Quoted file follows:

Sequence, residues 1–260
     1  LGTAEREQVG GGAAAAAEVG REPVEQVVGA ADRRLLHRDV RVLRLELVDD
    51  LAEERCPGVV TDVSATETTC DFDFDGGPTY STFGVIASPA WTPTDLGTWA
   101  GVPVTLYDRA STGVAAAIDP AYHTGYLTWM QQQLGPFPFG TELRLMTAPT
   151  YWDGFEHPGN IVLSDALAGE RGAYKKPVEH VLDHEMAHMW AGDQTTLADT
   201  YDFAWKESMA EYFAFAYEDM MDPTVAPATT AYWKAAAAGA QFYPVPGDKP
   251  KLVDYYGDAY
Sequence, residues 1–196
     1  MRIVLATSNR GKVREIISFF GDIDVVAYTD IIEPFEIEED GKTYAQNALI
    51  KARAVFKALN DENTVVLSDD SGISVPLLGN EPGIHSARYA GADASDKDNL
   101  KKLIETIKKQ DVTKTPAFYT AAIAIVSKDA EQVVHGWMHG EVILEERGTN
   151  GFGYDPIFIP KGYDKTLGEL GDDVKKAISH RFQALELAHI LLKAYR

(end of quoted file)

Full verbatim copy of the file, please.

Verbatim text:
Sequence, residues 1–260
     1  LGTAEREQVG GGAAAAAEVG REPVEQVVGA ADRRLLHRDV RVLRLELVDD
    51  LAEERCPGVV TDVSATETTC DFDFDGGPTY STFGVIASPA WTPTDLGTWA
   101  GVPVTLYDRA STGVAAAIDP AYHTGYLTWM QQQLGPFPFG TELRLMTAPT
   151  YWDGFEHPGN IVLSDALAGE RGAYKKPVEH VLDHEMAHMW AGDQTTLADT
   201  YDFAWKESMA EYFAFAYEDM MDPTVAPATT AYWKAAAAGA QFYPVPGDKP
   251  KLVDYYGDAY
Sequence, residues 1–196
     1  MRIVLATSNR GKVREIISFF GDIDVVAYTD IIEPFEIEED GKTYAQNALI
    51  KARAVFKALN DENTVVLSDD SGISVPLLGN EPGIHSARYA GADASDKDNL
   101  KKLIETIKKQ DVTKTPAFYT AAIAIVSKDA EQVVHGWMHG EVILEERGTN
   151  GFGYDPIFIP KGYDKTLGEL GDDVKKAISH RFQALELAHI LLKAYR